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Introduction

Many firms in the insurance sector are under pressure to pursue a growth agenda ~ to launch profitable products and services in search of new revenue streams.

In previous articles #5 – The Entrepreneurial CRO: An integrated approach to risk, capital management and strategy, we proposed that to create and capture enterprise value, the Chief Risk Officer (CRO) should define Key Success Factors.

This can be challenging for any CRO, especially in an environment that is undergoing significant and rapid change and where industry boundaries are continually being blurred.

In the following article, we attempt to set out a high-level thought process that can help CROs begin to consolidate a diverse range of activities that take place across the firm into specific themes.

Each theme would then be subject to further analysis and investigation, dependent on the nature, scale and complexity of the firm.

(1) Strategic Planning

Whether you work in the London Market and are required to submit a Syndicate Business Forecast to the Lloyd’s Corporation, or the Company Market ~ your Strategy & Planning Group will most likely have developed a Three Year Strategy.

Whilst most people agree today’s requirement is for an ‘Always on Strategy’, there will be a document setting out the firm’s Strategic Priorities.

Every year, this document is ‘dusted off’ and reviewed by the Board during a Strategy Away Day. In the lead up to this review, there will be lots of analysis and discussions about ‘Strategic Options’ including opportunities to innovate the Business Model.

Once agreed, the Strategic Priorities are translated into a Syndicate Business Forecast or Operational Plan, supported by Key Performance Indicators (KPIs). These KPIs may contain assumptions and their delivery will be subject to both ‘threats and opportunities’ inside and outside the firm.

(2) Key Success Factors

It is paramount to understand the firms strategy and secondly, a detailed understanding of the drivers of each Key Success Factor.

This can be challenging, particularly as many business strategies are articulated in complicated Business Plans and spreadsheets. If everyone in the business is to understand the direction of travel, the strategy must be easily visualised.

By ‘Mapping your strategy’ across four key characteristics, the CRO can really begin to pinpoint which ‘levers’ they can push/pull on to deliver competitive advantage:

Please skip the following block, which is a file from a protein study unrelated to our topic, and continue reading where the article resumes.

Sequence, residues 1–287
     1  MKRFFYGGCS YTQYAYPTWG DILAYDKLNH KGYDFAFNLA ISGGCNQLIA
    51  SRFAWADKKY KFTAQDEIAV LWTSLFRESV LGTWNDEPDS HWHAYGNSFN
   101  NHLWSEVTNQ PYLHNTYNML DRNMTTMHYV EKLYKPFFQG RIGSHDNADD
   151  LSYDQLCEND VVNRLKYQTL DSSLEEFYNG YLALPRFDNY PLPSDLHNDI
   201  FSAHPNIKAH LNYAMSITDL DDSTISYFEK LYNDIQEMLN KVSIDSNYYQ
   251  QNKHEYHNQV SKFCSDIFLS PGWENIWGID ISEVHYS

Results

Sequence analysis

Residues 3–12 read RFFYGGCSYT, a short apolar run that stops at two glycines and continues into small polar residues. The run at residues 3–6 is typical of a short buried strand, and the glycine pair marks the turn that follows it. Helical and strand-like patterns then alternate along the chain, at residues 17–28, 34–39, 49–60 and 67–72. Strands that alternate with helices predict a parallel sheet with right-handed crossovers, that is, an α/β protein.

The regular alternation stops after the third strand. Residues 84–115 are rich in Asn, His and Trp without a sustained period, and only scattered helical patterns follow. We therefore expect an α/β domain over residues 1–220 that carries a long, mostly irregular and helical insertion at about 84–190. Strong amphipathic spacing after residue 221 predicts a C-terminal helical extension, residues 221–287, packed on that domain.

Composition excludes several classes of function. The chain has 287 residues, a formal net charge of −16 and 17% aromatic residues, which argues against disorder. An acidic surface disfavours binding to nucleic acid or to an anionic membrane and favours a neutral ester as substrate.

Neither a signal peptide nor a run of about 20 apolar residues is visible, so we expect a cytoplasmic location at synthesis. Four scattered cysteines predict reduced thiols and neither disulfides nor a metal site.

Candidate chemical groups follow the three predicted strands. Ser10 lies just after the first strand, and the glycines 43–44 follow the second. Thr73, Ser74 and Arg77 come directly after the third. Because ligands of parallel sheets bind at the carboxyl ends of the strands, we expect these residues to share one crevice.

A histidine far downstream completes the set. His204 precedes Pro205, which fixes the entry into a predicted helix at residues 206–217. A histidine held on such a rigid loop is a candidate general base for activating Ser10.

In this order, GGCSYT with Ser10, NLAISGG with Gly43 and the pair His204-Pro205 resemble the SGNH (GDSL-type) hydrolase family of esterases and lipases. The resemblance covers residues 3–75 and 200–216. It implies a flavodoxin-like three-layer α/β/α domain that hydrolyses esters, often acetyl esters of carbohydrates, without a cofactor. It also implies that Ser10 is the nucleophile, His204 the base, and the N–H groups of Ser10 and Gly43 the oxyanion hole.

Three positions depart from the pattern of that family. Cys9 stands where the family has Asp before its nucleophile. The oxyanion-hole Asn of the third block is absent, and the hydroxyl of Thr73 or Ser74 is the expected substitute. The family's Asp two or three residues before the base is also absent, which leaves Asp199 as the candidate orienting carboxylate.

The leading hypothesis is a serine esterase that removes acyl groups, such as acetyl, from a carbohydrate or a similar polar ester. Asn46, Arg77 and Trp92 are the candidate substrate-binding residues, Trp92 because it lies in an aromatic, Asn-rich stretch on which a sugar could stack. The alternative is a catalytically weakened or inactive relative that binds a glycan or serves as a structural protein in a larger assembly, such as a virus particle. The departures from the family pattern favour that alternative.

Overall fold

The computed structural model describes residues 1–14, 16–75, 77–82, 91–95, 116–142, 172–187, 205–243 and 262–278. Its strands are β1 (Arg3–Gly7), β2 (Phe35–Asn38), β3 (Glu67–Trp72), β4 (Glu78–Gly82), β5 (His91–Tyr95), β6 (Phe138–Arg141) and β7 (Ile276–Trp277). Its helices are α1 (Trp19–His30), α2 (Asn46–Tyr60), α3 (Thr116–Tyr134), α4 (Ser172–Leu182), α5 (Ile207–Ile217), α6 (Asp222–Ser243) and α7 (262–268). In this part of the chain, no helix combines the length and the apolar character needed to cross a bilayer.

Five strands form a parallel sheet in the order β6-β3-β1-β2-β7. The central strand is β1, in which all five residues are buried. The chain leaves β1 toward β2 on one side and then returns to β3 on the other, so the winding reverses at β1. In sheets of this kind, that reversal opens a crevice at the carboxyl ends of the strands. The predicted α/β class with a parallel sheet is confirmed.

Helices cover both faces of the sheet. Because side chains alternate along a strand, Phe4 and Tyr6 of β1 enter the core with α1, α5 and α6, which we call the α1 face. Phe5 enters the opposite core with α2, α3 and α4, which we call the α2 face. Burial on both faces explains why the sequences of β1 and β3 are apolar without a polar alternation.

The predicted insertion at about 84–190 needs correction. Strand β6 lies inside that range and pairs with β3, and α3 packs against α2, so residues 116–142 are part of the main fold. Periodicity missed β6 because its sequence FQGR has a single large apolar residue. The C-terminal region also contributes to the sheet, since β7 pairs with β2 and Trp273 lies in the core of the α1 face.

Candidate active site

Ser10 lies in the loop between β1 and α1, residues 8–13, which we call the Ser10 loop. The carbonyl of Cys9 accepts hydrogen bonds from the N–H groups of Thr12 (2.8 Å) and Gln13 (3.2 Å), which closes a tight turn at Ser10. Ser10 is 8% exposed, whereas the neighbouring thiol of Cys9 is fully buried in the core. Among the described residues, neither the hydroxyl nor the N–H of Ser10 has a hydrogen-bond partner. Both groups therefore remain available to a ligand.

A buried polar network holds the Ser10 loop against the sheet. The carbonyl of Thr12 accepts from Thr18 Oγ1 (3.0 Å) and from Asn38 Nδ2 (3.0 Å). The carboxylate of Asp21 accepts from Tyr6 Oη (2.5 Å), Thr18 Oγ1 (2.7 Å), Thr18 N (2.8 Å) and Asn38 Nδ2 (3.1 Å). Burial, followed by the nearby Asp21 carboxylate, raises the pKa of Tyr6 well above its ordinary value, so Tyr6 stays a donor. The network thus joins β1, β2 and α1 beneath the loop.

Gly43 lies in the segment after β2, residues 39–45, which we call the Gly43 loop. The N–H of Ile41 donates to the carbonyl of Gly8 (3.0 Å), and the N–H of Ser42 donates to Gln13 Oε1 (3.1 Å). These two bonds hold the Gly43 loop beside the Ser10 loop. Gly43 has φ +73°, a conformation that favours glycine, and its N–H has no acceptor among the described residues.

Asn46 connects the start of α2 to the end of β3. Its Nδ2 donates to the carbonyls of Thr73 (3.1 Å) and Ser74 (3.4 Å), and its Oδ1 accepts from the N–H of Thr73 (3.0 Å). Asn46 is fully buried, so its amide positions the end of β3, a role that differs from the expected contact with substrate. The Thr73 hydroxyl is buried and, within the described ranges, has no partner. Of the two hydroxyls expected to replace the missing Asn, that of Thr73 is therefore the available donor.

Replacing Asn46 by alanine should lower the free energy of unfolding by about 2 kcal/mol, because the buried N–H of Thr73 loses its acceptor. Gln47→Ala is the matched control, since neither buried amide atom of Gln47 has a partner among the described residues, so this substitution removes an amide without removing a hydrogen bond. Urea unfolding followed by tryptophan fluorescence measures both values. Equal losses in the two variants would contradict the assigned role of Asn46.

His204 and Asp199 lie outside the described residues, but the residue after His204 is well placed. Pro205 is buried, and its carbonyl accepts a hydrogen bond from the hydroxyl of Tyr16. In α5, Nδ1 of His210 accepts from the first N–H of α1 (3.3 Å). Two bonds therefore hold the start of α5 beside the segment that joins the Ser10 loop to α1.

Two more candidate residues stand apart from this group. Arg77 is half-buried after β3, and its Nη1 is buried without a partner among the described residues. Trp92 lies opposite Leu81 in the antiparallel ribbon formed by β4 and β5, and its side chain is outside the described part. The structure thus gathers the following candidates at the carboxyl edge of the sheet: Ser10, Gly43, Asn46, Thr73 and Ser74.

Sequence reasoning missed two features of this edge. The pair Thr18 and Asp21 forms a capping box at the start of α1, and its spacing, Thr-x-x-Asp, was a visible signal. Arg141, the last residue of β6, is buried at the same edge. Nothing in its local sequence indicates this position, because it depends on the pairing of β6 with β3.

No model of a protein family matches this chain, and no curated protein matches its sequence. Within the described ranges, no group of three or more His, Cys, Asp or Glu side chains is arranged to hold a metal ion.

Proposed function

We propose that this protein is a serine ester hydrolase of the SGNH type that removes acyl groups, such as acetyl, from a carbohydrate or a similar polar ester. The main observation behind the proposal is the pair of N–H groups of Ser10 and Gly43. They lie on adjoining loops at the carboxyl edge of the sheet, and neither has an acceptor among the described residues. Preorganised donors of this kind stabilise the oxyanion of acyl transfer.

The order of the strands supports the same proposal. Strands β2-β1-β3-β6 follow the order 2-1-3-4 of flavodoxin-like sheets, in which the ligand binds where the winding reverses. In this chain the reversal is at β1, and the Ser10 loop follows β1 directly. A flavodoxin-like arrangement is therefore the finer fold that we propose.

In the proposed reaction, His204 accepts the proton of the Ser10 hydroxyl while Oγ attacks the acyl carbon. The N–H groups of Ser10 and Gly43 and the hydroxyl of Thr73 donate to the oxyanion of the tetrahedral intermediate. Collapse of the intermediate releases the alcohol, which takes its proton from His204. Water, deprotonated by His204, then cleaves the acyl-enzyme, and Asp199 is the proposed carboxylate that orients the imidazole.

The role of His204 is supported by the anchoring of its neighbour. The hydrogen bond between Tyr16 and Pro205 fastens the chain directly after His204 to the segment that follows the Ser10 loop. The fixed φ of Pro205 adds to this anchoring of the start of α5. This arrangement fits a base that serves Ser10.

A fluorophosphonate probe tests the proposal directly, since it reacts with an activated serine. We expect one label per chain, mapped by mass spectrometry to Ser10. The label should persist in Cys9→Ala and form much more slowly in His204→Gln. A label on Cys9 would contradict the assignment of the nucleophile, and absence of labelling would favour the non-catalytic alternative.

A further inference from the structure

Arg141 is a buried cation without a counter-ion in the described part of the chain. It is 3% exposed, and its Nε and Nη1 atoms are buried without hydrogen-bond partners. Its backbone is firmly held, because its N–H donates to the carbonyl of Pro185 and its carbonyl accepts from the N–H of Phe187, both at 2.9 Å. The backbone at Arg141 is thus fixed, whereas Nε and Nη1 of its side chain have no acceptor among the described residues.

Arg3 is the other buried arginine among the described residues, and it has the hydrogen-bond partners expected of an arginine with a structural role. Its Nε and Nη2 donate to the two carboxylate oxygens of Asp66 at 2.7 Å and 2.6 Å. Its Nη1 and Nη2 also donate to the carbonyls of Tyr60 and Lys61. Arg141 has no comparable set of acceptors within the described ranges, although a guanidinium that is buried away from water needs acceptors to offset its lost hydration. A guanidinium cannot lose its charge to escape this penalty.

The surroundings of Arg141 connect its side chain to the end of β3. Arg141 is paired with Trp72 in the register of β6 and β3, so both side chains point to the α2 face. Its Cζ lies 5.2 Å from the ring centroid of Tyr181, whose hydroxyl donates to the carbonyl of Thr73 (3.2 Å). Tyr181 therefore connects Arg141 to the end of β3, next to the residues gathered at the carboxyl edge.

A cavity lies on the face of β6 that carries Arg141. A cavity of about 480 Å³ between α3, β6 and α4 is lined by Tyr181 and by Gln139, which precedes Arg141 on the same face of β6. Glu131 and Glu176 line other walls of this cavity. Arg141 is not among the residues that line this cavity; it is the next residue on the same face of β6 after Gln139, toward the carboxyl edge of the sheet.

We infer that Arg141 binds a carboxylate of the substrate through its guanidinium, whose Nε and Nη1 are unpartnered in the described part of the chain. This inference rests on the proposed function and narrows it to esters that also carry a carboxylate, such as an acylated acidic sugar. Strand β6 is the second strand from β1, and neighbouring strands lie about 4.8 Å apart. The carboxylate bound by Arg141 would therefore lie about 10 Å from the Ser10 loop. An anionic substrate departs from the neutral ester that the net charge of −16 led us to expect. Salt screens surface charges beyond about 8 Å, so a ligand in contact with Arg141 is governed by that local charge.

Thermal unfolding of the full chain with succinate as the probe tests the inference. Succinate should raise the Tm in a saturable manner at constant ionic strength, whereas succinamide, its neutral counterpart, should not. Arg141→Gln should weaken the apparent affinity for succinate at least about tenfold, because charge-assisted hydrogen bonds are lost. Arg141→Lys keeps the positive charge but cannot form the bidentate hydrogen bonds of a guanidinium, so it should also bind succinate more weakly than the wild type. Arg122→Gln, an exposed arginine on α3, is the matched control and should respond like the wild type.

1. Financial
  2. Customer
  3. Internal Processes
  4. Learning & Growth

(3) A practical example – Financial

Whether it is identifying new revenue streams or altering the Capital Structure, it is important to link this back to other sources of information.

Horizon Scanning (Sensing, Hypothesis Testing and Trigger Analysis) provides an opportunity to identify new threats and opportunities, that may result in [planned/unplanned] deviation from Operational Plan KPIs.

An unplanned deviation might arise from a competitor who has launched an innovative business model, that offers a new value proposition to your target customer segment.

By embracing the innovation process, which starts with the generation of lots and lots of ideas, the CRO can prioritise, allocate resources, adopt experimental learning and launch rapid prototypes.

Final Comment

There are many examples where CROs could ‘innovate’ existing Risk Processes to deliver incremental improvements. Others may have the potential to deliver outperformance.

 

  1. Stress & Scenario Testing ~ incorporate Horizon Scanning into the development of scenarios that can be used to challenge Operational Plan KPIs
  2. Reverse Stress Tests ~ whilst traditionally used to identify the point at which the business is no longer viable, the outputs could be used to identify opportunities for Business Model innovation
  3. Business Planning ~ Exploit under-utilised Risk Appetite capacity by allocating capital to growth Lines of Business
  4. Capital Structure ~ Secure a mixture of own and trade capital to reduce the ‘Return on Equity’ hurdle

Reciproco provides knowledge integration across risk, solvency and strategy, including digital transformation, leading complex and unique projects in regulated sectors. Helping senior executives and management teams focus on strategic challenges to create a competitive advantage.

Darren Munday is the founder and Managing Director of Reciproco. An experienced executive with over 20 years’ global experience with multinational companies, including Chief Risk Officer reporting to the Board.

Darren is an Honorary Visiting Fellow of the Digital Leadership Research Centre, Cass Business School where he also holds an Executive MBA.  Darren is a Certified Fellow of the Institute of Risk Management (CFIRM) and Chartered Insurance Risk Manager (ACII) of the Chartered Insurance Institute.


All rights reserved. Unauthorised use and/or duplication of this material without express written authorisation from Darren Munday is strictly prohibited. Excerpts and links may be used, provided that full and clear credit is given to Darren Munday with appropriate and specific direction to the original author and content.